Social media is full of lessons for eager learners. I’ve learned a number of things recently:

  1. There are a lot of babies and puppies in the world.
  2. The NBA championship is a hot topic.
  3. (Some) people really enjoy sharing private details of their day, work, children, clothing, pets, food, politics, religion, and illnesses…among other things.Permissions

Ironic isn’t it? Those same people who metaphorically (occasionally literally) air, wave, display, and prance about in their dirty laundry, on the internet no less, still value privacy. That’s because we all do, and regardless of our differing opinions on oversharing, we can agree that our private information should remain private.

Bank accounts, Internet networks, social media, credit cards, etc. No sane person walks around giving others their account information at random. That holds true with medical information too, although it can be tricky. You’re not likely going to need to share your Internet network account information to save your own life, but you very well may need to give access to health information in an emergency. Or immunizations and a health history may need to be submitted to schools for enrollment or travel.

That’s where we come in. We care about our users, including the privacy and security of their health information, as well as accessibility to it when needed. School staff, healthcare providers, emergency responders, and emergency room staff (to name a few) may need visibility of student health information at some point in time, and we created permissions to navigate that tricky terrain.

Permissions allow Magnus users to dictate the level of access others have to private information, significantly reducing the risk of information falling into the wrong hands. In a school setting, permissions work a number of ways. Permission to student information is controlled by the school administrator, who grants nurses, coaches, counselors, and other faculty varying levels of visibility. Read, write, and access permissions make this possible.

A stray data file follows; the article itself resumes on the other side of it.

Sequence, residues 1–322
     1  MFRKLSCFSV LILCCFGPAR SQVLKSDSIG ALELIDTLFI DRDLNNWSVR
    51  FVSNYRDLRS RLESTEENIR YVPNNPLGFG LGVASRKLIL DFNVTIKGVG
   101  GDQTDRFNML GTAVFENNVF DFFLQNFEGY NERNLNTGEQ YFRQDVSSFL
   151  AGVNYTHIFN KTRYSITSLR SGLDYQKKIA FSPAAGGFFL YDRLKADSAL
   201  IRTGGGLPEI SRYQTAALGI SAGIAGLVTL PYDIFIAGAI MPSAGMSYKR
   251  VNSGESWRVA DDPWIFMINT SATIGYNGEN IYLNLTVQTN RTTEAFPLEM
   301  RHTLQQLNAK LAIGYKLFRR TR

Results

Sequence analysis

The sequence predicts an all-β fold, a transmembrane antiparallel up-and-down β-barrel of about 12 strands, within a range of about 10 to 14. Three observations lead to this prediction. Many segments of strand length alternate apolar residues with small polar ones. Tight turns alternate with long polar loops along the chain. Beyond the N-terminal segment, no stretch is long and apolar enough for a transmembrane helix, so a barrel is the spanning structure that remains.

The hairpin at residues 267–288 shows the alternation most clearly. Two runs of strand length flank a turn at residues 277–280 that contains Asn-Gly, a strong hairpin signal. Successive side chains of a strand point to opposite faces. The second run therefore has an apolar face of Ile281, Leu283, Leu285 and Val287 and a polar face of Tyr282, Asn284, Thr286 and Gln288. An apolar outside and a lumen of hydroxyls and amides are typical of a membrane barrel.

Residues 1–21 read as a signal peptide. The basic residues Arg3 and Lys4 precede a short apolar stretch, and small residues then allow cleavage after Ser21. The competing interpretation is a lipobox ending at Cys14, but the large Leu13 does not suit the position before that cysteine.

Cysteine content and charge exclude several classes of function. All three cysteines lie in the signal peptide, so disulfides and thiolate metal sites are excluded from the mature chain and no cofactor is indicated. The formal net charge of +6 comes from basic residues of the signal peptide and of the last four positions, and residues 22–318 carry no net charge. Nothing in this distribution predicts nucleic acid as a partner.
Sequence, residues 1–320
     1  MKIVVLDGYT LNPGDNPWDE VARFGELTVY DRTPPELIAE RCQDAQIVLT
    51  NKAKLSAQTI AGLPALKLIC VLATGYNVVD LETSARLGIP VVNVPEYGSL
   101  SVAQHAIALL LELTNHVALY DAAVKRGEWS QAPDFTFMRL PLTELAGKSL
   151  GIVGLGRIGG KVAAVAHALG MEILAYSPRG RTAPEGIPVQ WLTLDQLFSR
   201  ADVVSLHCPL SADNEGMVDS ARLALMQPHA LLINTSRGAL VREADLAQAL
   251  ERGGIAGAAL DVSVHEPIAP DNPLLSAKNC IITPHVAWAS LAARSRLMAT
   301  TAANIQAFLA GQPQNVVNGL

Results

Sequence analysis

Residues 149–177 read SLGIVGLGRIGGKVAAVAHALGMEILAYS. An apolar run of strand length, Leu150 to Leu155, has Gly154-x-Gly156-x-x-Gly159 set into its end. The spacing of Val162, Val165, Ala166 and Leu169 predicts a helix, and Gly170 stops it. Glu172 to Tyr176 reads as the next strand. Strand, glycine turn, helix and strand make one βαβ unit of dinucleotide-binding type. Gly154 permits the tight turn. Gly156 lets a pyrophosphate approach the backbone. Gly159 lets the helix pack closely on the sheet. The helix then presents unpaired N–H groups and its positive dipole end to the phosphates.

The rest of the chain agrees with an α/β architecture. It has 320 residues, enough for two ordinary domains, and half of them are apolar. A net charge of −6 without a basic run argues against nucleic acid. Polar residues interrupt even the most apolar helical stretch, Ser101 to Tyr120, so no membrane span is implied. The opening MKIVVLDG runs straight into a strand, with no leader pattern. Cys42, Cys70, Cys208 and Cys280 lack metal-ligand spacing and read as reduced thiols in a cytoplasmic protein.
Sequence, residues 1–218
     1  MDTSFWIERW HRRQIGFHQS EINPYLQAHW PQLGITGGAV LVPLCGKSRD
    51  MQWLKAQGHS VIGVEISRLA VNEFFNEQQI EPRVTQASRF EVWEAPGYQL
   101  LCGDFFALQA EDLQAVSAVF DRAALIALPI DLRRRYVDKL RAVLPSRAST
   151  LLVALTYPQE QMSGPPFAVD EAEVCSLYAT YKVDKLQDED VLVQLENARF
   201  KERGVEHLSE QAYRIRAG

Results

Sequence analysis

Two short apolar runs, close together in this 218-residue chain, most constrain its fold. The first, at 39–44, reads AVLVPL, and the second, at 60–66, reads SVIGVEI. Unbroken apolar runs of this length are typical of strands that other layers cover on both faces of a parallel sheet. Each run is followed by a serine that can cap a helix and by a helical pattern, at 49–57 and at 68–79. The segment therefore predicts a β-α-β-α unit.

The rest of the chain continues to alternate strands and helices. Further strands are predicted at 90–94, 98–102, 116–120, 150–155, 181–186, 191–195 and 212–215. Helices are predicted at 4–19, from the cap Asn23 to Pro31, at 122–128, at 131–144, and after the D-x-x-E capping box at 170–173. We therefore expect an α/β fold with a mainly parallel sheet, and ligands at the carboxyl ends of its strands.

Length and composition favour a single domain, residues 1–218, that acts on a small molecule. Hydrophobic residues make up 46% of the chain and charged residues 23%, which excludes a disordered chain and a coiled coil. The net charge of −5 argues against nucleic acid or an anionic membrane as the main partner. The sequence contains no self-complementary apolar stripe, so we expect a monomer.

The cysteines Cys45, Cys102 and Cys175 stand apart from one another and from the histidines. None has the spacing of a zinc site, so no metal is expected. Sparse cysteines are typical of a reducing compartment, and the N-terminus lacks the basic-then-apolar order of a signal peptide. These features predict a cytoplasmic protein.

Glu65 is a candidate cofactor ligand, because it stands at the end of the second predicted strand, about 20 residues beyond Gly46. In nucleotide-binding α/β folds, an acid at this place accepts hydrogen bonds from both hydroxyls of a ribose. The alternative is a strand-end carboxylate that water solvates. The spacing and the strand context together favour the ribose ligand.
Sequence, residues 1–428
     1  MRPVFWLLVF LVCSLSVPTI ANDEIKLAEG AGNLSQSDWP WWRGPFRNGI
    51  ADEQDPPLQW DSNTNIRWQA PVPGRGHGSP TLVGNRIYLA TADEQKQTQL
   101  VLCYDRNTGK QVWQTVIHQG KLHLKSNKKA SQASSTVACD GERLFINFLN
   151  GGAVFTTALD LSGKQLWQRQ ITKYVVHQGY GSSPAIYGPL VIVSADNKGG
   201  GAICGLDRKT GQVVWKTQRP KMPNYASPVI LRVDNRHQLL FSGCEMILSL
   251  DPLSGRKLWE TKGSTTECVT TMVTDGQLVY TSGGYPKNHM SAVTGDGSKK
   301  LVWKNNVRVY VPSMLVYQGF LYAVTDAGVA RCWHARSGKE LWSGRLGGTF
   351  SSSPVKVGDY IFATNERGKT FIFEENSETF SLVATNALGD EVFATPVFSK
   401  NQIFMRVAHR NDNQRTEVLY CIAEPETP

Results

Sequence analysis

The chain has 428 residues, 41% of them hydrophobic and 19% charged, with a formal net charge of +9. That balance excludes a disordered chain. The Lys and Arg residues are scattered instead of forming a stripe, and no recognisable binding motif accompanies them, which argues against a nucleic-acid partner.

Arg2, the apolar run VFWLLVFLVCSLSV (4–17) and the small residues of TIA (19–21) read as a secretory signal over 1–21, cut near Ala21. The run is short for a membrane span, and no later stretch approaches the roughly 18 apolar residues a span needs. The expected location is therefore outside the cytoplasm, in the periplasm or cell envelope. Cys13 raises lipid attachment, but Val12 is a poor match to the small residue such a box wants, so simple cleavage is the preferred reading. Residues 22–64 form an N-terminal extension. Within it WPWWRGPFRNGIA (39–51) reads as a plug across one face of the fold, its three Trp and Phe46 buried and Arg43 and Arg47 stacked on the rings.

• Read: Provides the ability to read the information. This level of permission might be granted to a teacher, or other staff member outside of the health department.
  • Write: Provides the ability to read and edit information. This level of permission might be granted to a nurse or athletic trainer, who can add chart notes or injury reports to a student’s file.
  • Access: Provides the ability print, share, and communicate information. This permission level allows nurses or trainers to share sensitive information with approved providers outside of the school setting.

Permissions are customized by the school administrator for each user, and can be changed at any time, ensuring health information is communicated securely and effectively. Our goal is to protect you, and your students. Part of that protection is safeguarding the information, and the other part is delivering it when needed most. With SMR you can do both. And with Magnus Mobile, you can enjoy all the same permission benefits from your iOS device.

Topics: Health Trends, Education

Kathryn Sloop

Written by Kathryn Sloop

Recent Posts

Subscribe to our Blog